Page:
Just back from three weeks in Rwanda, her luggage somewhere between Kigali and Philadelphia, Lily Yeh should be frazzled and exhausted. Instead, she sparkles as she talks about her latest project—creating a memorial for the victims of Rwanda’s 1994 genocide.
For nearly two decades, Yeh designed and built refuges of calm and beauty in one of Philadelphia’s most blighted neighborhoods. An artist and painter by training, Yeh used abandoned lots and crumbling walls as her canvas, creating murals, mosaics and gardens with the inspiration and sweat equity of local residents—children, especially. Her efforts eventually grew into the Village of Arts and Humanities and became a model for utilizing the arts to heal shattered communities.
The Rwandan genocide memorial—under the auspices of Yeh’s nonprofit Barefoot Artists—is her most ambitious international undertaking to date. Covering three-quarters of an acre, the memorial site was little more than a shack surrounded by scrub and underbrush. In its place, Yeh envisioned a flower-lined path leading to a monument inlaid with mosaics of flowers and angels. Beneath the monument, remains of the dead are interred in a “bone chamber.” Above, an inscription reads, “We will never forget you.”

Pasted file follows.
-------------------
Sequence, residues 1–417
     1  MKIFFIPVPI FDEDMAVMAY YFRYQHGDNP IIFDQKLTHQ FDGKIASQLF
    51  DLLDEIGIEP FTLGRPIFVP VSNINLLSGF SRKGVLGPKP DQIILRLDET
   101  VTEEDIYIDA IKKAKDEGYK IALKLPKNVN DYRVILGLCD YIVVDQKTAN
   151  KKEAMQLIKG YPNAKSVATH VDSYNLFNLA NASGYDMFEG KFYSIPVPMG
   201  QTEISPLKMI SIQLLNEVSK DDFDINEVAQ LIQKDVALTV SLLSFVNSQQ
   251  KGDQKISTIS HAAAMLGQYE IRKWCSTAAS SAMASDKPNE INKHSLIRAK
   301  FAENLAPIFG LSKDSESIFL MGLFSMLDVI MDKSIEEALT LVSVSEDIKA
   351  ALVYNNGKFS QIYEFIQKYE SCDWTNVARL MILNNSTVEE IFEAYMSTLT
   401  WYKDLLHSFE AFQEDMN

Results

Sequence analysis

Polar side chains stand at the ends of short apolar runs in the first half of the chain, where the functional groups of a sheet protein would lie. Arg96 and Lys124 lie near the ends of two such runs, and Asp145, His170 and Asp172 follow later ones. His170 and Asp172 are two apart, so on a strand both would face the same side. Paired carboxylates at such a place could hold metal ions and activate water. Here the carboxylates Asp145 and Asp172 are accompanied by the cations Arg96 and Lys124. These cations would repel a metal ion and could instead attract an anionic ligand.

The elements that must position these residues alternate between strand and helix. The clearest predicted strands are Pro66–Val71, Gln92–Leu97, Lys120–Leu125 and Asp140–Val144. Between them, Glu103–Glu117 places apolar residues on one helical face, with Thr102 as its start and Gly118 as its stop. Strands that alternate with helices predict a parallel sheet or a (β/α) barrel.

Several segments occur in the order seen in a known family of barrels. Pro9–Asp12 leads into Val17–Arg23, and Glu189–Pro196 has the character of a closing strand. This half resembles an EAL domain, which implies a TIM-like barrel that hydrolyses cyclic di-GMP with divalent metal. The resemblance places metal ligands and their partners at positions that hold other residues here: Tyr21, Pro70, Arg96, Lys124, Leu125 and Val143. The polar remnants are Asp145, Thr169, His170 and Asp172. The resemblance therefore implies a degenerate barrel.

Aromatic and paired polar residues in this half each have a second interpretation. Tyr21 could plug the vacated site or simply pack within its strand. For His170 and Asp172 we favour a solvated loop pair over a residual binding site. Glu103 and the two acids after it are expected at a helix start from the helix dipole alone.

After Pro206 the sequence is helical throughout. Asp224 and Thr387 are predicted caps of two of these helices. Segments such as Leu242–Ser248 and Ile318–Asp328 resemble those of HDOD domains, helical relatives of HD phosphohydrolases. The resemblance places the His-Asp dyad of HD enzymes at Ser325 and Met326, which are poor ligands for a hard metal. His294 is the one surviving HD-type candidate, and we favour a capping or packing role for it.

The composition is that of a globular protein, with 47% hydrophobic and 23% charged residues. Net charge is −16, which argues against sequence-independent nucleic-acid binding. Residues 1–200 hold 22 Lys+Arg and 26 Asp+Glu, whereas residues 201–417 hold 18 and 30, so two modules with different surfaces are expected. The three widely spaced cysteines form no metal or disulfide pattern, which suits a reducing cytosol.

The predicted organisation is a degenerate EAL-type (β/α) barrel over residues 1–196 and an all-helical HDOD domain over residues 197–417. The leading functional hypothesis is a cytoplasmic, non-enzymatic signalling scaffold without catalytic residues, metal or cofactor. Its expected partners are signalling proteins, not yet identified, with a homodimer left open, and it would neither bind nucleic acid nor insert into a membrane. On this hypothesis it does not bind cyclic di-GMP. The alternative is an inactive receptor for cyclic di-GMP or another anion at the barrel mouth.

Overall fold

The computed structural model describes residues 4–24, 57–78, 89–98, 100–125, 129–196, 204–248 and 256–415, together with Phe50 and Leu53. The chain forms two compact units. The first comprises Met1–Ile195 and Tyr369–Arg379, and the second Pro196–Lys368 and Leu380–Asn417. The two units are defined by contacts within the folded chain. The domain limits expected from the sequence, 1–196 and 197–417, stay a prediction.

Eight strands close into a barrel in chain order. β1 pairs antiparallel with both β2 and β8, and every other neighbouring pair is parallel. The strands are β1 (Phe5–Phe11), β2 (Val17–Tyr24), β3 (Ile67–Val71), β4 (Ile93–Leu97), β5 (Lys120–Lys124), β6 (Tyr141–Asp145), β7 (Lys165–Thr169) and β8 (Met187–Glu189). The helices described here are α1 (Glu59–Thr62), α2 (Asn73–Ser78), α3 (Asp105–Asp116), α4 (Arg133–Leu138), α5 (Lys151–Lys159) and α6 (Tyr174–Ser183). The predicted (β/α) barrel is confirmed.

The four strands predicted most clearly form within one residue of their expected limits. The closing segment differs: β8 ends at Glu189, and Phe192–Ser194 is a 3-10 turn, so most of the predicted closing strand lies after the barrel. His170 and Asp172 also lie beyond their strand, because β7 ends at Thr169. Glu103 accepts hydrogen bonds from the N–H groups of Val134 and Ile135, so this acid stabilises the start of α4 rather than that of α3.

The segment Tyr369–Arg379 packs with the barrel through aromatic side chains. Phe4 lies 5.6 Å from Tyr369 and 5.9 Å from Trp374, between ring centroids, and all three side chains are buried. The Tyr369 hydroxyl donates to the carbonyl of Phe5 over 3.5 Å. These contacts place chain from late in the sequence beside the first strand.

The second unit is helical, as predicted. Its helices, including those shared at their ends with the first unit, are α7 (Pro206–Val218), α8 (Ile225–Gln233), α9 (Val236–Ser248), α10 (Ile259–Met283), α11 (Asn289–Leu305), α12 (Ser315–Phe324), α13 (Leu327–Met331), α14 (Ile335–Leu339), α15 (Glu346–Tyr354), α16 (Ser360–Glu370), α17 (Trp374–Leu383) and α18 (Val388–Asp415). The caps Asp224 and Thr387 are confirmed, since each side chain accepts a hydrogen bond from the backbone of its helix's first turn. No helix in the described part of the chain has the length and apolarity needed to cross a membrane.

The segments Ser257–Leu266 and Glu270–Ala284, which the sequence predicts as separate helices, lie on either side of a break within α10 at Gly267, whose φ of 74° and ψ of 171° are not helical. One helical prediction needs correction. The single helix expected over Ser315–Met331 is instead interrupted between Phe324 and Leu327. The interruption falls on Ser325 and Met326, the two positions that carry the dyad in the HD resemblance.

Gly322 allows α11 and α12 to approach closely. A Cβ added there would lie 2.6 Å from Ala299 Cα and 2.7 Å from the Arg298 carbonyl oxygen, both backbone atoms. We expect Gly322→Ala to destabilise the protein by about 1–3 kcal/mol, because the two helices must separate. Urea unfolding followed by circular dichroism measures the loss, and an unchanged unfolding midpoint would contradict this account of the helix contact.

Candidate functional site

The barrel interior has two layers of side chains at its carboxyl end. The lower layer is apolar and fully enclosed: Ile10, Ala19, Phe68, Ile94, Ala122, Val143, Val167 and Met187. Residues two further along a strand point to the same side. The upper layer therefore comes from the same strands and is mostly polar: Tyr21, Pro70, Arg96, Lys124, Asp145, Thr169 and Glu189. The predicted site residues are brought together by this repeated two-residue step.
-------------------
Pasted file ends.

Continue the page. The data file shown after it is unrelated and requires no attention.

To realize her vision, Yeh cajoled a construction company into donating its services. She scoured local stores for supplies and tools and trained villagers in color theory, design and mosaic work so they could complete the memorial after she left. It will be officially dedicated April 7, Rwanda’s national day of mourning.
"They need everything," Yeh says of the impoverished villagers. Yet when asked what they most wanted, their unanimous response was a place to properly bury and remember their loved ones. Now, thanks to Yeh, they have that. “They feel the dead can rest in peace here,” she says.
To learn more about Yeh’s nonprofit arts organization, visit Barefoot Artists .